Alex Hassilev, the Last of the Original Limeliters, Dies at 91

Alex Hassilev, the Last of the Original Limeliters, Dies at 91

Alex Hassilev, a multilingual, multitalented troubadour and the final unique member of the Limeliters, one of many greatest acts of the people revival of the early Nineteen Sixties, died on April 21 in Burbank, Calif. He was 91.

His spouse, Gladys Hassilev, mentioned the reason for his demise, in a hospital, was most cancers.

Before Beatlemania gripped America’s youth in 1964, the nation fell in love with the tight harmonies and conventional preparations of people music — and few acts drew extra adoration than the Limeliters, a trio made up of Mr. Hassilev, Glenn Yarbrough and Lou Gottlieb.

Mr. Hassilev performed banjo and guitar and sang baritone, not solely in English however in French, Portuguese, Spanish and Russian, all of which he spoke fluently. His bandmates have been equally brainy: Mr. Gottlieb had a doctorate in musicology and Mr. Yarbrough as soon as labored as a bouncer to pay for Greek classes.

Urbane and witty, they packed coffeehouses and school auditoriums with a repertoire that combined straight-faced folks requirements like “The Hammer Song” and cheeky tunes like “Have Some Madeira, M’Dear,” “The Ballad of Sigmund Freud” and “Charlie the Midnight Marauder.”

At their top, between 1960 and 1962, the Limeliters have been taking part in 300 dates a yr and recording an album each few months, two of which — “Tonight in Person” (1960) and “The Slightly Fabulous Limeliters” (1961) — reached the Billboard Top 10.

“The Limeliters have a sure musical and verbal finesse which locations them above and past their many contemporaries,” The Los Angeles Times wrote in 1961.

Alexander Hassilev was born on June 11, 1932, in Paris, the son of Jewish immigrants from Russia, Leonide and Tamara (Rudd) Hassilev. With the specter of battle with Germany mounting, the household emigrated to New York in 1939, the place Mr. Hassilev labored as a civil engineer.

Alex proved a diligent, sensible pupil, breezing via highschool and coming into Harvard after serving within the Army. But he reacted in opposition to what he noticed because the college’s Yankee elitism and, after a yr, transferred to the University of Chicago. Even there he felt constrained by tutorial life; desperate to strive his hand at appearing, he returned to New York.

He studied on the Neighborhood Playhouse, realized the guitar and fell in with the rising folks scene round Greenwich Village. He had a small however memorable function as a guitarist in Roger Corman’s 1959 horror-comedy “A Bucket of Blood.”

Around the identical time he met Mr. Yarbrough, who was visiting from Aspen, Colo., at a party. Mr. Yarbrough had an everyday gig taking part in at a restaurant there referred to as the Limelite. Mr. Hassilev, an avid skier, quickly joined him.

With the Limelite as their residence base, the pair was quickly showing at venues alongside the West Coast. While taking part in at a coffeehouse in Los Angeles, they caught the attention of Mr. Gottlieb, who had just lately completed his dissertation on Fifteenth-century liturgical music and was arranging items for the Kingston Trio, one other fashionable folks group.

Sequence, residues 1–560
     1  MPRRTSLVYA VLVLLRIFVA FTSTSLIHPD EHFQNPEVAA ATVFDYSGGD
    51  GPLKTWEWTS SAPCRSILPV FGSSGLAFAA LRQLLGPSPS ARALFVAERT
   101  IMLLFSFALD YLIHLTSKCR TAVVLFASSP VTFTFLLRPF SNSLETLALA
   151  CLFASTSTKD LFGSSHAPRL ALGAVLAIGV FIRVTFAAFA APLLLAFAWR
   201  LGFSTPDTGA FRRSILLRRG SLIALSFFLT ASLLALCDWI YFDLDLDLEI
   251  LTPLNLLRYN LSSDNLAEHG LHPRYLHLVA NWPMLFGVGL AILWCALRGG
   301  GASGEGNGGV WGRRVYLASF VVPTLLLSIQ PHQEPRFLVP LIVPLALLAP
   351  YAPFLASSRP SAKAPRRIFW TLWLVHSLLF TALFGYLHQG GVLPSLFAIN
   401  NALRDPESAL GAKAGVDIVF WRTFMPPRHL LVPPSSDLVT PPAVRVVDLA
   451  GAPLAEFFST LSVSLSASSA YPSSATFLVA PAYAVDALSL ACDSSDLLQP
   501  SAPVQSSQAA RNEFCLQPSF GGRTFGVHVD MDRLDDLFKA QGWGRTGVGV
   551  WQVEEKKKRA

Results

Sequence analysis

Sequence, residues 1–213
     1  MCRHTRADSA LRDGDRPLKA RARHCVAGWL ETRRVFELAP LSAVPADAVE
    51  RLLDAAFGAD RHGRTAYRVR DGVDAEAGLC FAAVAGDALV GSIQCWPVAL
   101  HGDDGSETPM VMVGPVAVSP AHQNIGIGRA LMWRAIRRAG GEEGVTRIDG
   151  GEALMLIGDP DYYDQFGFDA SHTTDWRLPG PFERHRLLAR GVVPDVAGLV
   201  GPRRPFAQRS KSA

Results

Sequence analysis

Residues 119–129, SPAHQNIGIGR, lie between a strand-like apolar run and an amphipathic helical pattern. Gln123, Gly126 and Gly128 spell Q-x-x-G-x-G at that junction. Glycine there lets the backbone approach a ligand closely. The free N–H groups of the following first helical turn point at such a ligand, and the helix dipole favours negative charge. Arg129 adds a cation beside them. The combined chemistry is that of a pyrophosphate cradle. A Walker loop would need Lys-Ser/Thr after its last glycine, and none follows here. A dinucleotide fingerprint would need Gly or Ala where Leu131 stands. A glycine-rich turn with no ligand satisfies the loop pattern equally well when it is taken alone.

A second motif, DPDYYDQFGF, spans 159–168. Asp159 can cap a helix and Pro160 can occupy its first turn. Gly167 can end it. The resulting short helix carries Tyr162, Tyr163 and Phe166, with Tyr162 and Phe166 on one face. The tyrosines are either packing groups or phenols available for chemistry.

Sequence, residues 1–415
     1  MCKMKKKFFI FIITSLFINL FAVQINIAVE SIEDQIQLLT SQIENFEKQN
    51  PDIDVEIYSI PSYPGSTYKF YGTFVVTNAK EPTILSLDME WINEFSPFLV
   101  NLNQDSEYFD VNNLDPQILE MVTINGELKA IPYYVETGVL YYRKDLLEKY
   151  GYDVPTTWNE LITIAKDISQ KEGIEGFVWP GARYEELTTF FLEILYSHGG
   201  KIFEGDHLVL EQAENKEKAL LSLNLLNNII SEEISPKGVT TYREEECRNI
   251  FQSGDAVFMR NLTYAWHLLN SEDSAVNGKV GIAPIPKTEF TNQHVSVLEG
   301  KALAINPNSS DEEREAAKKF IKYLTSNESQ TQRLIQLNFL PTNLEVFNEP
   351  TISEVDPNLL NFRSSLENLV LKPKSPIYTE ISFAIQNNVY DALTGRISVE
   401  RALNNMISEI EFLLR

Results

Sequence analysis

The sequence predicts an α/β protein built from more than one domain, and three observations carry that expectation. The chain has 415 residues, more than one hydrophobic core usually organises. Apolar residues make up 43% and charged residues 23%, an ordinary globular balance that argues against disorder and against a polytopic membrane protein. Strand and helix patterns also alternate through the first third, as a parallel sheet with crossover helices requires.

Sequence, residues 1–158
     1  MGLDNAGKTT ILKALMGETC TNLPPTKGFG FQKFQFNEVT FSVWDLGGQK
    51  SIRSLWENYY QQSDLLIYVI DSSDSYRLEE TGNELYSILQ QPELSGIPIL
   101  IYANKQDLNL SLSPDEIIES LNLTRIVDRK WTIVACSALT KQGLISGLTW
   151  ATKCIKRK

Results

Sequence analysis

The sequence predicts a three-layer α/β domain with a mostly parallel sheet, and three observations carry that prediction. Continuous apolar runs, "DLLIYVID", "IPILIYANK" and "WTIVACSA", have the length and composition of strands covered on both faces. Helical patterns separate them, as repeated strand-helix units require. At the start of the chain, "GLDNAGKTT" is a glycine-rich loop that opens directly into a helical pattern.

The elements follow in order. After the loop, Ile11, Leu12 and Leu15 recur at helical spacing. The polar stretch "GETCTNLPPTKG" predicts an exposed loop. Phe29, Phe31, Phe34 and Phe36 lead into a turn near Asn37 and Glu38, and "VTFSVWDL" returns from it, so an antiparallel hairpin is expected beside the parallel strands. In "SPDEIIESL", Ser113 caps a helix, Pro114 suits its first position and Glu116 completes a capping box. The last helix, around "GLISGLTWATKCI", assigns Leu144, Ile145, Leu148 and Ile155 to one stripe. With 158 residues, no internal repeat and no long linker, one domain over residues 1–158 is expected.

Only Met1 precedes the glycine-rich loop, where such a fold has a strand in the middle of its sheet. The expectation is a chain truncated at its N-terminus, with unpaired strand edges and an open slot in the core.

The three males started jamming collectively, and in 1959 they took their act on the highway. They booked a number of nights on the hungry i, a preferred venue in San Francisco; when the proprietor balked at placing all three of their names on the marquee, they determined to name themselves the Limeliters.

The trio’s success was swift. They signed with Elektra Records and launched their first album in 1960. In between touring and showing on tv, they recorded a string of business jingles, together with “Things Go Better With Coke.”

But their tight harmonies weren’t matched offstage, the place their fixed squabbling earned them the nickname the Bicker Brothers. After a airplane crash in Utah in 1962 left them shaken (however largely unhurt), Mr. Yarbrough left. The trio formally broke up in 1965.

Mr. Hassilev recorded a solo album and rekindled his curiosity in appearing. He had a number of successes, together with a visitor spot on the TV comedy “Get Smart” and a task within the 1966 comedy “The Russians Are Coming, the Russians Are Coming!” taking part in one of many titular Russians alongside two different folks musicians who have been transitioning to appearing: Theodore Bikel and Alan Arkin.

But he had a tough time breaking away from his fame as a folks singer. He arrange a studio within the basement of his West Hollywood residence, and for a number of years labored as a report producer.

His first marriage, to Ginger Stanjer, led to divorce. He married Gladys Rios in 1976. Along together with her, he’s survived by his son, David, two grandchildren and three great-grandchildren.

Mr. Hassilev reconvened the Limeliters a number of occasions within the late Nineteen Sixties and ’70s after which completely in 1981, with Mr. Yarbrough dropping out and in of the lineup. After Mr. Gottlieb died in 1996, Mr. Hassilev introduced in new performers, a lot of them veterans of the Nineteen Sixties folks scene. Mr. Yarbrough died in 2016.

Mr. Hassilev retired from the Limeliters in 2006, although he continued to play with them sometimes, and the band stays energetic at present. Though they by no means returned to their Nineteen Sixties reputation, they proceed to play to giant and enthusiastic audiences.

“In order to stay fashionable, you must outlive your competitors,” Mr. Hassilev instructed The Charleston Daily Mail of West Virginia in 2005. “It makes me really feel good to be on this discipline. It makes me really feel clear.”


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